I thank you for your cooperation.

1st amendment, 2nd amendment, assault rifles, definition of obscenity, District of Columbia et al v. Heller, limiting voting rights, Orlando shooting, restricting abortion rights, restricting assault weapons

Comments (8)

  • Yes! You go girl. I love the attitude, Ellen, and it mirrors mine as well as millions of other Americans (and world citizens). I just don’t get the infactuation with machismo killing machines over the safety of innocent victims – kindergartners, for heaven’s sake. Why can’t we be infatuated with love instead of fear? My family is a victim of gun violence. When I hear people talking about their guns, I share that, and it usually shuts them up.

    • I do hope there are SO many people who agree that our ‘leaders’ are actually forced to do something. I am so sorry about your family’s personal experience of gun violence–I bet that does make it real for folks, not just a theoretical opinion. Thanks for reading and commenting and supporting!

  • I made similar points and someone replied that criminals can buy anything on the black market (implying that gun regulation restricts gun ownership of non criminals only). What do you say back to that?

    • I’d have several options about how I make moral choices (hint: not based on others’ actions) or economics (such weapons won’t be cheaply, easily available UNLESS we keep manufacturing them) or logical (under that theory we’ll all soon have the right to own nuclear weapons (“if we don’t have plutonium, only the criminals will have plutonium.”) But the reality isn’t a theoretical argument: only since the ban expired in 2004 have assault weapons become the gun of choice by those committing mass murder, and they are being purchased legally. All of this assumes you don’t want to just say, “Ack! Talk about that sort of thing with your wife!” 🙂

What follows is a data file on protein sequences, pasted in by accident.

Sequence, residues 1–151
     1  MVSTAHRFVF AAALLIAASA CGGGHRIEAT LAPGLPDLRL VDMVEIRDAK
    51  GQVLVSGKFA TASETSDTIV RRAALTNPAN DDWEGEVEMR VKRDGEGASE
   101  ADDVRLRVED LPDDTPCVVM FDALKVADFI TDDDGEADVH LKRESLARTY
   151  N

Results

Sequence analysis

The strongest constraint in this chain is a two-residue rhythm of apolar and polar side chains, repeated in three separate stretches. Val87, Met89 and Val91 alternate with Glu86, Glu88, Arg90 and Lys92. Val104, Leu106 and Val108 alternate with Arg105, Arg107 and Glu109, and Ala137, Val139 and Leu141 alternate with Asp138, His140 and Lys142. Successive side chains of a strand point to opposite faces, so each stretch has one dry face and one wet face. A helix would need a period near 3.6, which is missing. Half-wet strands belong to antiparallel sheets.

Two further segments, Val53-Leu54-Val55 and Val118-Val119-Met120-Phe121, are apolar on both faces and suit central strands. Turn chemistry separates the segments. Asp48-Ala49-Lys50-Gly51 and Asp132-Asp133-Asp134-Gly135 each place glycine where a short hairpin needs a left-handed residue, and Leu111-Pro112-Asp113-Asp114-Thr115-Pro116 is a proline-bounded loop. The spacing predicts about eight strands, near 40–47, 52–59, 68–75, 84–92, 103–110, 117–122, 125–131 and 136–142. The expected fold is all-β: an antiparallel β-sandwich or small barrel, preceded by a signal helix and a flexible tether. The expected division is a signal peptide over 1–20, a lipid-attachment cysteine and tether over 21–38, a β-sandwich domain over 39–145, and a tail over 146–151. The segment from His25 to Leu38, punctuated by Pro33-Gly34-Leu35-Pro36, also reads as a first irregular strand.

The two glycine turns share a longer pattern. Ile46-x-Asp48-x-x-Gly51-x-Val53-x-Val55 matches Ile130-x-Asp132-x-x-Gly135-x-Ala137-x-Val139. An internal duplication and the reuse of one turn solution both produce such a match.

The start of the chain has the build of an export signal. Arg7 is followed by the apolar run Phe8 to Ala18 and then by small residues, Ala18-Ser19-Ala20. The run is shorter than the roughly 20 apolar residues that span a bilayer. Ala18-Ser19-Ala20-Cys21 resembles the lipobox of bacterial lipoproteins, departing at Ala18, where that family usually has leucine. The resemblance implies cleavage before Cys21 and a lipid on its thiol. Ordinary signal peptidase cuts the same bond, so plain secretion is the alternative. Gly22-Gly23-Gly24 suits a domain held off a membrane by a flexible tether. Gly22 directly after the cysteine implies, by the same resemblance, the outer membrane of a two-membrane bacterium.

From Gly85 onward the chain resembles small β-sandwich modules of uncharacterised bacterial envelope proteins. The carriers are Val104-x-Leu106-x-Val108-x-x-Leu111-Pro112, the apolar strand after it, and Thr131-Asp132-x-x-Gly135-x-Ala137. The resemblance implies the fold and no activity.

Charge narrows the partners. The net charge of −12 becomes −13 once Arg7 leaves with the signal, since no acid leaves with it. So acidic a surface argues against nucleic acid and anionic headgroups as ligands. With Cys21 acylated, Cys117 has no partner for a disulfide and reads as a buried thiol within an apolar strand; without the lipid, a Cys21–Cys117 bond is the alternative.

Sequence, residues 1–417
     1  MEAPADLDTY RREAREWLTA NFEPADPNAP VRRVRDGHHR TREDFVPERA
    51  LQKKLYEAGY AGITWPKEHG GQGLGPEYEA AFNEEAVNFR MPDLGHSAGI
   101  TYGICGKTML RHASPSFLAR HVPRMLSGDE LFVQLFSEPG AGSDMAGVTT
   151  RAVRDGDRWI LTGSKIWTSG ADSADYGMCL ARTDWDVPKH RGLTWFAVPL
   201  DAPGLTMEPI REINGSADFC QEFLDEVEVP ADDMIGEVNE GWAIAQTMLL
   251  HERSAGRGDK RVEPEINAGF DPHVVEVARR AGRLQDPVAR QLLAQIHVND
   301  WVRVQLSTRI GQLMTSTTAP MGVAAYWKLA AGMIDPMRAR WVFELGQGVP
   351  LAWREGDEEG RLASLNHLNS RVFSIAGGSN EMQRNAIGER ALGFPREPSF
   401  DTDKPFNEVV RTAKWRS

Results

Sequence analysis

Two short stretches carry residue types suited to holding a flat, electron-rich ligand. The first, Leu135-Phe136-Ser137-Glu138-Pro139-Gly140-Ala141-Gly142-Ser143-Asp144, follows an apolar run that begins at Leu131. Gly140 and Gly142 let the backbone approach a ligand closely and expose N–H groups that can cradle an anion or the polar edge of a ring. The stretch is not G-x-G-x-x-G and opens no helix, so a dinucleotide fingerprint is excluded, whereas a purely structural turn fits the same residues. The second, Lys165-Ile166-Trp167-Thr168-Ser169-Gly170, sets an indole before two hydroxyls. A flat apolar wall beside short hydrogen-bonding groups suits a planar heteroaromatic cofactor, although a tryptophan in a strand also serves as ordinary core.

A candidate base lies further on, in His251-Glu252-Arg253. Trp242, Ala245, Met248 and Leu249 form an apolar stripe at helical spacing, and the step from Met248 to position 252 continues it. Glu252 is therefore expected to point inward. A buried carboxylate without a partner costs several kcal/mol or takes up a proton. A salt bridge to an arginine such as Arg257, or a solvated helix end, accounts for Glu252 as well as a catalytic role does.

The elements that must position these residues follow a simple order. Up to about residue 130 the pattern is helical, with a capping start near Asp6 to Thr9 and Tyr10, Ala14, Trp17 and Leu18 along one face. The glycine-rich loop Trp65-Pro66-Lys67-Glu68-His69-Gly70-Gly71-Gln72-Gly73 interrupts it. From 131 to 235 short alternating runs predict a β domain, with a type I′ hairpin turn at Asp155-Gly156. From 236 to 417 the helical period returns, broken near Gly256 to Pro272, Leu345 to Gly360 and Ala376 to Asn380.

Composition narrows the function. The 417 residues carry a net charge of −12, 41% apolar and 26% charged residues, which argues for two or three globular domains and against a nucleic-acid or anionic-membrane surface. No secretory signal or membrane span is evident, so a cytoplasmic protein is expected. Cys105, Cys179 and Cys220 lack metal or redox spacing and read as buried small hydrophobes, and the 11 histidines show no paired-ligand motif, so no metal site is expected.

• Yeah. All that. I believe that the 2nd amendment is important to keep us in charge of our government instead of the other way around, but like all technology weaponry has been taken so far that it has to have constraints put on it. No, the laws won’t be perfect. We will still get assault rifles coming in illegally across our borders, there will be people who screw up and don’t enforce things properly, etc. But there is no need for citizens to be able to buy assault weapons–automatic, semi-automatic, whatever. As you can imagine, I wish we could outlaw all guns because of hunting as well as massacres, but my practical self knows that this could have a more dangerous outcome in the future. We need the 2nd amendment, but nowhere in there does it state that we need outrageous superduper killing machines on our streets.

    • You are so right—the constitution never says a word about “superduper killing machines.” I am probably wrong, but I sense a change after this massacre—we may actually do something. And I LOVE that you stayed with it long enough—I know you have a problem with my comments cutting out—to get in this whole, long comment. Thank you!